RSS mouthpiece Panchjanya has alleged that Jawaharlal Nehru University is home to “a huge anti-national block which has the aim of disintegrating India”. The RSS organ, in its cover article, alleged that “JNU routinely hosts anti-national activities”.
In 2010 when Naxals in Dantewada, Chhattisgarh, killed 75 paramilitary personnel, pro-Naxal students’ unions of the University celebrated openly and hailed the act. And all this happened under the nose of the JNU administration.
Article in Panchjanya
Another article in Panchjanya alleged, “JNU is one such institute where nationalism is considered an offence. Presenting Indian culture in a distorted way is common. The removal of the army from Kashmir is supported here. They advocate various other anti-national activities here.”
Accusing JNU of providing “legitimacy to anti-India forces”, the RSS organ has said:
Jawaharlal Nehru promoted higher educational and research institutions as factories of socialist ideology which could provide the intellectual input for his and later Indira Gandhi’s social and economic agenda.
While claiming that he studied in JNU, the author of the article alleged,
I often heard JNU professors discuss means and measures to undermine national unity and culture at events organised by anti-national organisations. I then realised that JNU is home to a large chunk of anti-national groups which have the singular aim of disintegrating India.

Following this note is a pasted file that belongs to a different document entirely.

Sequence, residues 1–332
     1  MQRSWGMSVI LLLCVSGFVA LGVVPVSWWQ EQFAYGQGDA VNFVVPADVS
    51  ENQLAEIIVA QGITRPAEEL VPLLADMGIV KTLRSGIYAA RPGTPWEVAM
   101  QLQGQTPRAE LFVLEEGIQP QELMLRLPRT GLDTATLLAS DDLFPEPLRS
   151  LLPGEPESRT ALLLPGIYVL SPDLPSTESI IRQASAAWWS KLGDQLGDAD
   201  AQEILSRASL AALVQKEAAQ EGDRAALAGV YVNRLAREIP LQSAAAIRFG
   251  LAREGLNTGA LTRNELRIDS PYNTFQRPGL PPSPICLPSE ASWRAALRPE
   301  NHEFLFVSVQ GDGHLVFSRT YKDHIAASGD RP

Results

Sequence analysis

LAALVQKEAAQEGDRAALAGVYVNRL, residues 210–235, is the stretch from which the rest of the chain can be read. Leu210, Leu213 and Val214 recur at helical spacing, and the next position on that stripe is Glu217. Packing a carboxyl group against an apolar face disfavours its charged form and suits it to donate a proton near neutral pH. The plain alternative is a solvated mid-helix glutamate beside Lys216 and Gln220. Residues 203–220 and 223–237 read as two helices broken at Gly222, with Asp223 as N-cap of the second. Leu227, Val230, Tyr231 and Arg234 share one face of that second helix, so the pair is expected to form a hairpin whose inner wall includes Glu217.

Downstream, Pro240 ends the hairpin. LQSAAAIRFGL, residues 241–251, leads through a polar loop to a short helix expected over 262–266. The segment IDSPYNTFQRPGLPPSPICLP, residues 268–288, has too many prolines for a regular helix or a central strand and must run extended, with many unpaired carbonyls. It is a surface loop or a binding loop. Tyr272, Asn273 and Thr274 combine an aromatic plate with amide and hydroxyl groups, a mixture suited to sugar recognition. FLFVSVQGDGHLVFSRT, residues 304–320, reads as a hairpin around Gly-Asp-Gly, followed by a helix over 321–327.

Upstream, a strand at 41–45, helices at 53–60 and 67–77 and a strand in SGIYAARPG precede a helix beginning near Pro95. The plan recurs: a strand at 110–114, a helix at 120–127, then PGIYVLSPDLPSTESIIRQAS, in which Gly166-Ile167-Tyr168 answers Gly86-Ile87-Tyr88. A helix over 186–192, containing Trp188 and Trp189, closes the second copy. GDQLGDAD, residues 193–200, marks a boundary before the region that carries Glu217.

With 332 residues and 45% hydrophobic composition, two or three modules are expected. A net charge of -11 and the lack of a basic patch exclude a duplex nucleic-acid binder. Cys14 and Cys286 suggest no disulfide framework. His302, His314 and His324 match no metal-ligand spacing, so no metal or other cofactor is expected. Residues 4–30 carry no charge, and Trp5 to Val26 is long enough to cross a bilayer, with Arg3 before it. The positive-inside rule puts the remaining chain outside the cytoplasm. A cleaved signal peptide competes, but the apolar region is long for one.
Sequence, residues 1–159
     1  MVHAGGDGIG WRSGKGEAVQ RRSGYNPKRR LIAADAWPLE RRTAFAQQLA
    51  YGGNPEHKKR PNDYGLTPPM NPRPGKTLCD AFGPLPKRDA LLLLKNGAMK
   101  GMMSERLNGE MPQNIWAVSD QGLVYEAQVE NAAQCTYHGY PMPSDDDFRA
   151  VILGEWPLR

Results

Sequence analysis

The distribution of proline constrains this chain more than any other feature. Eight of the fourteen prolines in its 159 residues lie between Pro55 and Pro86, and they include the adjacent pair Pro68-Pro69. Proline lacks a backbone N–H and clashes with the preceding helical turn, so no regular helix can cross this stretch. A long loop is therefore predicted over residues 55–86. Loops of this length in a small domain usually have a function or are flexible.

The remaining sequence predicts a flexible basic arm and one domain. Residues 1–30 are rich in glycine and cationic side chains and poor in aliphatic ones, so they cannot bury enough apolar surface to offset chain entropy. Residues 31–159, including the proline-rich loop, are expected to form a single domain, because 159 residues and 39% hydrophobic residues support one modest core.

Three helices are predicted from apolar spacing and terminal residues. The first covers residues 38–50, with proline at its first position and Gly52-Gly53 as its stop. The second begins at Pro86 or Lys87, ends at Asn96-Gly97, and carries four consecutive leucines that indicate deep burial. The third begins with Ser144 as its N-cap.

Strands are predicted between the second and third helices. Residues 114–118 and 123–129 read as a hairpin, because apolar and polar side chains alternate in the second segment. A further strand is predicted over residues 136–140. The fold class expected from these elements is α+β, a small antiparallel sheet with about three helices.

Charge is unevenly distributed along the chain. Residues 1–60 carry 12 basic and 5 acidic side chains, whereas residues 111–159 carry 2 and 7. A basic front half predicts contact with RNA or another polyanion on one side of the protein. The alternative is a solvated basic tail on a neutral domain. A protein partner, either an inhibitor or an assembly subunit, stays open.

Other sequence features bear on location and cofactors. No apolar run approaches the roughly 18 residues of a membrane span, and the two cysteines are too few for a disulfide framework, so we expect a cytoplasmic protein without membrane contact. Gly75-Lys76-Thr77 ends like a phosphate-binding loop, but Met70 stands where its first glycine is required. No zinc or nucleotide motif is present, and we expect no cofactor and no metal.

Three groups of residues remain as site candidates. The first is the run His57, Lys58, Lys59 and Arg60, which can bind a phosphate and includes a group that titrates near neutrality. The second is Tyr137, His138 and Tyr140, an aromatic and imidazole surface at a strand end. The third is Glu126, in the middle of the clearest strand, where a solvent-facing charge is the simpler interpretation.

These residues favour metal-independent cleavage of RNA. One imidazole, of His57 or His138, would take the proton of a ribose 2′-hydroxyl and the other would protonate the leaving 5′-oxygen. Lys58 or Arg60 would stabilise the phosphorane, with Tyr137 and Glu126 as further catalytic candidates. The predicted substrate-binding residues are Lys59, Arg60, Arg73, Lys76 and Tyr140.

The RSS organ says JNU’s tendency of relying on the state for resources (JNU is a central university funded by the government) “is nothing but capitalism masquerading as socialism and even Maoism”.
These tendencies are inspired by two things – bitterness for Hindus and an urge to break India. These things became possible due to two historical reasons. The first was the desire of Nehru and his successors to impose a state-run model of economy on India and two, Nehru’s proximity to the Soviet block.
“But when the Soviet block disintegrated, a new political thought emerged in institutions like JNU which started changing their political slogan from class struggle to caste struggle,” claims the editorial.